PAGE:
He has staunchly supported campaign finance reform, affirmative action, abortion rights and gun control. Menendez voted against the war when it was unpopular to do so, and voted for John Kerry's phased withdrawal even though only 13 Senators were willing to endorse that position. Menendez also voted against Justice Alito's nomination, even though he was under tremendous pressure to support him the New Jersey-born Alioto. According to opinion polls, New Jerseyans supported Alioto's nomination by a 2-1 margin. Most public interest groups, including the Black Ministers Council, the Sierra Club, and ACORN, have enthusiastically endorsed Menendez.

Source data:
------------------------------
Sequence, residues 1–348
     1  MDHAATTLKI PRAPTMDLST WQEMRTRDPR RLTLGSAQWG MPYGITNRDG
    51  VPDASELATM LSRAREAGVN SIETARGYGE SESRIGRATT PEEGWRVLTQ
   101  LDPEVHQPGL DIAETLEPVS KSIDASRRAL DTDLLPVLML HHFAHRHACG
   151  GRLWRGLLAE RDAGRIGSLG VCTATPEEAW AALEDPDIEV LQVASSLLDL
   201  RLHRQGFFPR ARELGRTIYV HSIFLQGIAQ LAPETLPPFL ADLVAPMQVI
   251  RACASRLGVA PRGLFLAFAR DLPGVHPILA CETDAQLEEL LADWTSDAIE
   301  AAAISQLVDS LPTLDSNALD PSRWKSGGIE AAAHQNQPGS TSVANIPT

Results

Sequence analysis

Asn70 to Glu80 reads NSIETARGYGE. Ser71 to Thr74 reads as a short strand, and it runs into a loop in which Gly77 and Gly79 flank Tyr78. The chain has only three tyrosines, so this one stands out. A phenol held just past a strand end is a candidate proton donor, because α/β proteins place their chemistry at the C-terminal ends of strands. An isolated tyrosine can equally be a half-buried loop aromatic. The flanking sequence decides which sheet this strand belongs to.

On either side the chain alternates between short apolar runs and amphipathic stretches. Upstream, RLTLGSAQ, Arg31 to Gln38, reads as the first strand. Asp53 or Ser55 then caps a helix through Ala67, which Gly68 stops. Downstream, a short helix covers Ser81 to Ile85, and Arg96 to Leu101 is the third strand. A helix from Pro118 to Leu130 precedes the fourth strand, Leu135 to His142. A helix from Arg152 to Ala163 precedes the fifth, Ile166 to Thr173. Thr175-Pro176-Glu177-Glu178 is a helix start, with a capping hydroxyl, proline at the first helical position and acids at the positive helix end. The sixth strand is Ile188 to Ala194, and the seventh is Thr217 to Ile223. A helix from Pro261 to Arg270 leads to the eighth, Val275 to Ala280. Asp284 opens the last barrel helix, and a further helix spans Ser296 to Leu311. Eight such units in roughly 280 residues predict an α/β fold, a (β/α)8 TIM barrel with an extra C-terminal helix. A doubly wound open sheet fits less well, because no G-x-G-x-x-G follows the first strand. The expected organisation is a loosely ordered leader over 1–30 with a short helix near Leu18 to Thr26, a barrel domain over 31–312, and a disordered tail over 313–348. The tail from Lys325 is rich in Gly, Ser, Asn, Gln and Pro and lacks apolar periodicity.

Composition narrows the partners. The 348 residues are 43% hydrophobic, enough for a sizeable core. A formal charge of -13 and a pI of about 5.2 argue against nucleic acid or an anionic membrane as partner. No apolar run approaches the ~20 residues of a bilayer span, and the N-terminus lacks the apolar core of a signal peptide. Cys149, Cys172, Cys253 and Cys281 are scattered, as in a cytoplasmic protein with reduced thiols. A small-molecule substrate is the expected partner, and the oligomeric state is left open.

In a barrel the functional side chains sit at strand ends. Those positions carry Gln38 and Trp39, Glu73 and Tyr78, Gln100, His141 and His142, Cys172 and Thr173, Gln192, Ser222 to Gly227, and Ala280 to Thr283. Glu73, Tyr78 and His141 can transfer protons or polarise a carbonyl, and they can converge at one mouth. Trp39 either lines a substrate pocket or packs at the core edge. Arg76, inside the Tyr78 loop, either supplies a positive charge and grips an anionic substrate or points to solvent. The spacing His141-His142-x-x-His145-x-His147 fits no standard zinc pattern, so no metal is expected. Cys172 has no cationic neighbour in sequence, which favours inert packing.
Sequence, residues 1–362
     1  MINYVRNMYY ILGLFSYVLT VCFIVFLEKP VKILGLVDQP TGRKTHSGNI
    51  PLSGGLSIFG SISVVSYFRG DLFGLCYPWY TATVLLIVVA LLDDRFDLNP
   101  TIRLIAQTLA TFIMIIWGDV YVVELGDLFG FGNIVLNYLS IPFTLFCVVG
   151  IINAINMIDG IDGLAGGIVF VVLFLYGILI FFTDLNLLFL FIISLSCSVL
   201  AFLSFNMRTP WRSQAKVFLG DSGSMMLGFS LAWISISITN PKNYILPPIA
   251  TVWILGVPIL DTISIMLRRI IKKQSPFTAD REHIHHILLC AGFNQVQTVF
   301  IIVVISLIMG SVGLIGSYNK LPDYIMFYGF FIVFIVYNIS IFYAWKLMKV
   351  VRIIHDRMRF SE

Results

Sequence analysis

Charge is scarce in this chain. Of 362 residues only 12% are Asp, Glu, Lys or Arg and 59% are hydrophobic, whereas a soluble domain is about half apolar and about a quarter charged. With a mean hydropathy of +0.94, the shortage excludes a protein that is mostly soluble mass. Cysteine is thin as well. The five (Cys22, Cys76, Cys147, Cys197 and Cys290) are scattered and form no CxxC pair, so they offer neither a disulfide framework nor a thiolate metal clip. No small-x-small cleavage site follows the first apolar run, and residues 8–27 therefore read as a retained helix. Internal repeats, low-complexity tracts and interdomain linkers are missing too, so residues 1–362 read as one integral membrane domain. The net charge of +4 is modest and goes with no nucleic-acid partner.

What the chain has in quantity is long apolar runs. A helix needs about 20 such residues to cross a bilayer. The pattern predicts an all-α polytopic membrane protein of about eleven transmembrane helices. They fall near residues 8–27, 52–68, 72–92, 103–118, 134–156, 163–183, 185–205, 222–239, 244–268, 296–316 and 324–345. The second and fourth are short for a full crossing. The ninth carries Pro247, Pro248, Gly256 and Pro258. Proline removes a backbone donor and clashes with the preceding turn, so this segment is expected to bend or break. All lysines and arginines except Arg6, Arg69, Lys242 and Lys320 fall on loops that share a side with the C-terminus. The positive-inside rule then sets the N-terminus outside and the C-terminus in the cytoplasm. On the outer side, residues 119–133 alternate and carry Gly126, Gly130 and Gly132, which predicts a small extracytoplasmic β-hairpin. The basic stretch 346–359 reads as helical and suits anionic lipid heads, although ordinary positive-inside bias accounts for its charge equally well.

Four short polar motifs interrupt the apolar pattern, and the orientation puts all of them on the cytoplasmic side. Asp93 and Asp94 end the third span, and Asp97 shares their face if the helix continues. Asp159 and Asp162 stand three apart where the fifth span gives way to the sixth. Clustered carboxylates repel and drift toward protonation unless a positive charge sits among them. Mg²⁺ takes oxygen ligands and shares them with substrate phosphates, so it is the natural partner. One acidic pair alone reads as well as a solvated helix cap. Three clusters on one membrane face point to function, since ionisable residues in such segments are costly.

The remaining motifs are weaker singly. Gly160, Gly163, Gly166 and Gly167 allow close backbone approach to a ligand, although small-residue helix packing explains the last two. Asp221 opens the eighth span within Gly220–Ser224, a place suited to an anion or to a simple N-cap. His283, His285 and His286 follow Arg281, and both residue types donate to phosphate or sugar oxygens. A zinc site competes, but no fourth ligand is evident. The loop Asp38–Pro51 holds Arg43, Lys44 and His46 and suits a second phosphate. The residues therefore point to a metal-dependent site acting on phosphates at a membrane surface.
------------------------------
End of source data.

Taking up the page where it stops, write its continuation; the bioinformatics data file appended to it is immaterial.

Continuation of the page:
Unlike Kean, Menendez was not born into politics. His father, who committed suicide when Mr. Menendez was 23, was a struggling carpenter. His mother was a seamstress. After a stint on the Union City school board, Menendez became an aide to Union City's mayor, William V. Musto. The two were close but Musto, along with several other Union City leaders, was indicted on federal corruption charges. Menendez testified against him. Kean has charged that Menendez testified against his former boss to keep himself out of jail. But the New York Times and Star Ledger found that the evidence did not support Kean's charges. But the four assistant United States attorneys who prosecuted Musto repudiated Kean's charges. The prosecutors described Menendez's actions as ''gutsy'' and ''courageous.''